This decision creates an interesting precedent, since there are a large number of fanciful treatments that do not have any “apparent medical” mechanism and that are claimed by its proponents to work through a placebo effect. In my experience the placebo effect, briefly defined as a measurable response to an inert treatment, is almost completely misunderstood by the public – a fact that is exploited by purveyors of dubious treatments such as the Q-ray. Already in the comments of this blog there has been discussion over the nature of the placebo effect.
Part I of this blog† summarized the origin of homeopathy, invented in 1790 by Samuel Christian Hahnemann. It discussed Hahnemann’s first two “homœopathic laws of nature,” similia similibus curantur (like cures like) and the “law of infinitesimals,” and showed that his rationales for each have long been refuted. Hahnemann proclaimed a third doctrine, the “law of psora” ["itch"], said by him to be “the mother of all true chronic diseases except the syphilitic and sycotic.” Oddly, it seems to have been forgotten.
Part II gives Hahnemann the opportunity to explain his assertions more thoroughly, as is his due. It considers those assertions from the vantage point of modernity, as is ours.
“Leave None of them Uncured”
According to Hahnemann, homeopathy is a panacea:
“Now, however, in all careful trials, pure experience, the sole and infallible oracle of the healing art, teaches us that actually that medicine which, in its action on the healthy human body, has demonstrated its power of producing the greatest number of symptoms similar to those observable in the case of disease under treatment, does also, in doses of suitable potency and attenuation, rapidly, radically and permanently remove the totality of the symptoms of this morbid state, that is to say, the whole disease present, and change it into health; and that all medicines cure, without exception, those diseases whose symptoms most nearly resemble their own, and leave none of them uncured.”
How might this happen?
For my first blog entry, I wanted to write about something important, and I couldn’t think of anything more important than a recent book by R. Barker Bausell: Snake Oil Science: The Truth About Complementary and Alternative Medicine. If you want to understand how medical research works, if you want to know what can lead patients and scientists to false conclusions, if you have ever used complementary or alternative medicine or have wondered why others do, if you value evidence over belief, if you care about the truth, you will find a treasure trove of information in this book.
Some of the treatments encompassed under “complementary and alternative medicine” (CAM) have been around for a long time. Before we had science, “CAM” was medicine. Back then, all we had to rely on was testimonials and beliefs. And even today, for most people who believe CAM works, belief is enough. But at some level, the public has now recognized that science matters and people are looking for evidence to support those beliefs. Advocates claim that recent research validates CAM therapies. Does it really? Does the evidence show that any CAM therapy actually works better than placebos? R. Barker Bausell asks that question, does a compellingly thorough investigation, and comes up with a resounding “NO” for an answer.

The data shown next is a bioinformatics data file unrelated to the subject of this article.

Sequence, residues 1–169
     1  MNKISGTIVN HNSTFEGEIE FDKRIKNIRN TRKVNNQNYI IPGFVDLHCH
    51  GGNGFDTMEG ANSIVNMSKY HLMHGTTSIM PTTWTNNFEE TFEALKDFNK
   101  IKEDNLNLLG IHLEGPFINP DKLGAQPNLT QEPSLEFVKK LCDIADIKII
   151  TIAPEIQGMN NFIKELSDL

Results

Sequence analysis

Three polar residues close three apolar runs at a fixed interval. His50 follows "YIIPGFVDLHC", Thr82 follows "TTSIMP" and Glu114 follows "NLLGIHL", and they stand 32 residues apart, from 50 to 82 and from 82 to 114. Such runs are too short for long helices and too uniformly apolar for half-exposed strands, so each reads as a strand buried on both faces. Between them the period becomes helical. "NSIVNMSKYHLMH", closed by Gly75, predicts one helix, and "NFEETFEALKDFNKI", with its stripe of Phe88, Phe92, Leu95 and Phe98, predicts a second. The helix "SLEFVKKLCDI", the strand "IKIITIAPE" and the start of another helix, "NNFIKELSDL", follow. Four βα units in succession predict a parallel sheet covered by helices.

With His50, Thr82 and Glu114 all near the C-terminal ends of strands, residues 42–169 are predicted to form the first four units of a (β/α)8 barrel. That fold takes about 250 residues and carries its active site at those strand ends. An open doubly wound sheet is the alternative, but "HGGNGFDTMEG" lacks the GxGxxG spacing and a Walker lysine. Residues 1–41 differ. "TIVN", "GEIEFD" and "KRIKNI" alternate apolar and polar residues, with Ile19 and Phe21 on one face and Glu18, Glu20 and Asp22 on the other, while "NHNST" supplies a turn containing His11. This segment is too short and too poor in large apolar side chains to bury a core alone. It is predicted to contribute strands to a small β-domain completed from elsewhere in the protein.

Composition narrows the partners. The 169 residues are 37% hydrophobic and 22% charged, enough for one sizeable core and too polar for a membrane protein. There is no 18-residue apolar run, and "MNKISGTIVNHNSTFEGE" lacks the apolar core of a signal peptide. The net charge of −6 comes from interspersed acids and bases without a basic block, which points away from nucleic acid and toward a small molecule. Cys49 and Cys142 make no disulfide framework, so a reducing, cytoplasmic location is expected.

Bausell is the ideal person to ask such a question. He is a research methodologist: he designs and analyzes research studies for a living. Not only that: he was intimately involved with acupuncture research for the National Center for Complementary and Alternative Medicine (NCCAM). So when he talks about what can go wrong in research and why much of the research on CAM is suspect, he is well worth listening to.
“Either homeopathy works or controlled trials don’t!”
—Scottish homeopath David Reilly at the 2001 Harvard Medical School Complementary and Integrative Medicine Conference.
Reilly based that assertion on his own series of four small studies of homeopathic treatments of hay fever, asthma, and allergic rhinitis, the outcomes of which had been inconsistent and largely subjective. (1) Later he explained that small-minded skeptics in “conventional medicine” assume “homeopathy doesn’t work because it can’t work,” a view echoed by conference host Dr. David Eisenberg, then the Director of the Center for Alternative Medicine Research and Education at Harvard Medical School (now of the Osher Center); these comments were met with appreciative laughter from the partisan audience. If such charges were valid, it would indeed be fortunate that Harvard Medical School, several other medical schools, and the National Center for Complementary and Alternative Medicine (NCCAM) are promoting homeopathy, both as a clinical method and as a topic worthy of research.